Unlock Innovation Using Design Thinking – Part 1

March 27, 2024
By iQ Staff
iQ Interview Series Ian Kitajima

For communicators, consultants and executives alike, perspective is everything. Ian Kitajima, president of the Pacific International Center for High Technology Research (PICHTR), is a local expert on revolutionary design thinking, a discovery-based thought process from the Stanford School of Design.

In this two-part blog, Ian shares how curiosity-driven perspectives – and asking the question “how might we” – address underlying issues to identify business solutions.

 

What is design thinking?

Design thinking is a five-step, iterative process that aims to solve complex problems in a user-centric way. The process involves:

  1. Empathize: Understanding the needs, experiences and motivations of the people you’re designing for.
  2. Define: Clearly articulating the problem based on insights gained during the empathy phase.
  3. Ideate: Generating a wide range of ideas and solutions.
  4. Prototype: Creating tangible representations of ideas to explore and test their effectiveness.
  5. Test: Gathering feedback on the prototypes to refine and improve the solutions.

Design thinking encourages a discovery mindset, intense curiosity and the suspension of preconceived notions. It's a method that can be applied to a variety of industries and challenges, and is used to create products, services and experiences.

 

How were you introduced to design thinking?

Back in 2009, I was introduced to design thinking after I came across an article about it, shared by Patrick Sullivan, the founder of Oceanit. It caught my attention because Patrick's son was attending the design school at Stanford. That article was a turning point for me, inspiring me to leave my position as the director of marketing to dedicate my efforts to integrating design thinking into Oceanit and spreading it throughout Hawaii. We viewed design thinking as a method that empowered people to "think outside the box" and innovate by uncovering user needs and wants that are hidden and difficult to perceive. My goal was to teach this process to everyone in Hawaii, particularly to teachers and students, so that together, we could tackle Hawaii's many challenges.

 

What’s the difference between a mindset of discovery and a mindset of validation?

Children have a mindset of discovery; they ask more questions than they have the answers to and are always open to failure, i.e., learning. The opposite of that, a mindset of validation, is what most adults have. Validation is a bias in which we view problems through a lens based on our own skills and experience to confirm what we already know and believe. Rather than innovating to find the best possible solutions to the problem, validators choose evolutionary solutions without giving themselves the opportunity to experiment or explore alternative disruptive approaches. This inclination toward seeking confirmation rather than challenging assumptions can lead to the loss of an organization’s competitive advantage over time. Adults and mature organizations, entrenched in the validation mindset, often miss out on opportunities for learning and growth that come from embracing uncertainty and the potential for failure.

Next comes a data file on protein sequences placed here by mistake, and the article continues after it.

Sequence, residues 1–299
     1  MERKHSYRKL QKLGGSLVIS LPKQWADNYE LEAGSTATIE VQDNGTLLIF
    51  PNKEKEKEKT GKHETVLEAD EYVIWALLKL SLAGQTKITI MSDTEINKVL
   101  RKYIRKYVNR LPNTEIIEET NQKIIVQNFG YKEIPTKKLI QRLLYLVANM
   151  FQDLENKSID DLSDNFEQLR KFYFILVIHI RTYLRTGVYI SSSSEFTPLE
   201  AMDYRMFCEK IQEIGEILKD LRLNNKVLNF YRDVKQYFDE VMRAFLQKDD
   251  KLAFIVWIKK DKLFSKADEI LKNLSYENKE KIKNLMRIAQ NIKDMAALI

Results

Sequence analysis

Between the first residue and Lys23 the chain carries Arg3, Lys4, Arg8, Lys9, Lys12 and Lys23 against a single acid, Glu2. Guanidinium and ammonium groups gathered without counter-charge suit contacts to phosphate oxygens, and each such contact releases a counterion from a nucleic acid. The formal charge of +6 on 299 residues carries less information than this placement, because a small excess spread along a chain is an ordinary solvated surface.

How can business leaders use design thinking?

To apply design thinking concepts effectively, business leaders and communicators can consider the following practical advice:

  1. Embrace Empathy: Start with understanding the needs, experiences and motivations of your customers or stakeholders. Conduct interviews, observe behaviors and immerse yourself in their environment to gain insights.
  2. Define the Problem: Clearly articulate the problem you are trying to solve. Use insights from the empathy phase to create a point of view that focuses on specific users and their needs.
  3. Ideate Broadly: Encourage the generation of a wide range of ideas without judgment. Prioritize quantity over quality initially to explore various possibilities and foster creativity.
  4. Prototype Quickly: Create simple, low-fidelity prototypes to visualize solutions. Prototypes can be sketches, models or mockups that are inexpensive and quick to make.
  5. Test and Iterate: Share prototypes with users to gather feedback. Be open to criticism and ready to refine or pivot your approach based on what you learn.
  6. Foster a Culture of Innovation: Encourage a safe environment where team members feel comfortable sharing ideas. Use constructive language like "I like," "I wish," "What if" and "I wonder" to promote positive dialogue.
  7. Practice the Process: Design thinking is a skill that improves with practice. Start with small projects to familiarize your team with the process before tackling larger challenges.
  8. Suspend Reality: Temporarily set aside constraints and allow for outlandish ideas. This can lead to innovative solutions that wouldn't emerge from a purely practical standpoint.
  9. Collaborate Across Disciplines: Involve people with diverse backgrounds and expertise in the design thinking process to bring in fresh perspectives and challenge assumptions.
  10. Learn Continuously: Stay informed about design thinking methodologies by reading books, attending workshops and engaging with the design thinking community.

By integrating these practices into their strategic approach, business leaders and communicators can leverage design thinking to drive innovation and create solutions that truly resonate with their audiences.